Medina, P., Goles, E., Zarama, R., & Rica, S. (2017). SelfOrganized Societies: On the Sakoda Model of Social Interactions. Complexity, , 16 pp.
Abstract: We characterize the behavior and the social structures appearing from a model of general social interaction proposed by Sakoda. The model consists of two interacting populations in a twodimensional periodic lattice with empty sites. It contemplates a set of simple rules that combine attitudes, ranges of interactions, and movement decisions. We analyze the evolution of the 45 different interaction rules via a Pottslike energy function which drives the system irreversibly to an equilibriumor a steady state. We discuss the robustness of the social structures, dynamical behaviors, and the existence of spatial long range order in terms of the social interactions and the equilibrium energy.



Mellado, P., Concha, A., & Rica, S. (2020). Magnetoelectric Effect in Dipolar Clusters. Phys. Rev. Lett., 125(23), 237602.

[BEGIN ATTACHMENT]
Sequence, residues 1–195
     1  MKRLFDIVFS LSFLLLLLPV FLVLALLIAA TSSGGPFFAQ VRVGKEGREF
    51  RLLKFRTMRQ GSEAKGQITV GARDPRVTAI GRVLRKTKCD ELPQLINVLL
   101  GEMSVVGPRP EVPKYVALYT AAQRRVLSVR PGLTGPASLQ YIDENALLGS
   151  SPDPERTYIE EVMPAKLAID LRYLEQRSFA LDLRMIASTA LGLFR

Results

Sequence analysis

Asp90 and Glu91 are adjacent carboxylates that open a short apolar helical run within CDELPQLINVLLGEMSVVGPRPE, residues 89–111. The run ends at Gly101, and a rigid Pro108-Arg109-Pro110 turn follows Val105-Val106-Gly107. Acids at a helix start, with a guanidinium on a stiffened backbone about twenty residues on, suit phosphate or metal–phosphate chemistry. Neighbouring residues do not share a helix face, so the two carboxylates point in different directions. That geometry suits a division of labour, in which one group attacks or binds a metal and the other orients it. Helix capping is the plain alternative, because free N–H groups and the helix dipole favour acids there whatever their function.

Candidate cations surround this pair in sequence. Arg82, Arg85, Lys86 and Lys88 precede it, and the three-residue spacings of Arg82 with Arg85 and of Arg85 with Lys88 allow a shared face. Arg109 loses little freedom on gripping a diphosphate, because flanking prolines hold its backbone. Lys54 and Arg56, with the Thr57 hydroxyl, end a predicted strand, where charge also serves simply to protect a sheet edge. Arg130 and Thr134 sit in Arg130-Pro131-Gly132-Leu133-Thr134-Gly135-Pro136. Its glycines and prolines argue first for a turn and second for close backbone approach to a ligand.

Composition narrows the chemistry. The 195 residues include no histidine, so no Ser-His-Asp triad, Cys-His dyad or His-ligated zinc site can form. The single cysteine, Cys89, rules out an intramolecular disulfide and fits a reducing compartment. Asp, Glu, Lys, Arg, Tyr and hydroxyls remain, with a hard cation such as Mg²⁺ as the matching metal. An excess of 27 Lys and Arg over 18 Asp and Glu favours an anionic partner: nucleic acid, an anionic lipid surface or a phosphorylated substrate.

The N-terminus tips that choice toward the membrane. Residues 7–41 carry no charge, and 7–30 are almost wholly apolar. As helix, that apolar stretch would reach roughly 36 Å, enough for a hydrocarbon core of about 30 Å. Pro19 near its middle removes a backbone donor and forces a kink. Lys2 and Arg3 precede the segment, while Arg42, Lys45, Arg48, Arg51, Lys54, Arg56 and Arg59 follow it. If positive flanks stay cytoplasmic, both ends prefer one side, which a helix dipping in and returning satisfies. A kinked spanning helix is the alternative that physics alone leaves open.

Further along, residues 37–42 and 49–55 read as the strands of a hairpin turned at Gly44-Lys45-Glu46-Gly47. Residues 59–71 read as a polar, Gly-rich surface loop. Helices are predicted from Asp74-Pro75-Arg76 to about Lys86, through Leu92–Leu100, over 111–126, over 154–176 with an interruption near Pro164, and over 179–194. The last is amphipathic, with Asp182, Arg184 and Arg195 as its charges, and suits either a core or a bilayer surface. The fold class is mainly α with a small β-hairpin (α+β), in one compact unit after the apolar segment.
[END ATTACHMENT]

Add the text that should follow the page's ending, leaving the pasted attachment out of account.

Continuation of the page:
Abstract: We combine the anisotropy of magnetic interactions and the point symmetry of finite solids in the study of dipolar clusters as new basic units for multiferroics metamaterials. The Hamiltonian of magnetic dipoles with an easy axis at the vertices of polygons and polyhedra, maps exactly into a Hamiltonian with symmetric and antisymmetric exchange couplings. The last one gives rise to a DzyaloshinskiiMoriya contribution responsible for the magnetic modes of the systems and their symmetry groups, which coincide with those of a particle in a crystal field with spinorbit interaction. We find that the clusters carry spin current and that they manifest the magnetoelectric effect. We expect our results to pave the way for the rational design of magnetoelectric devices at room temperature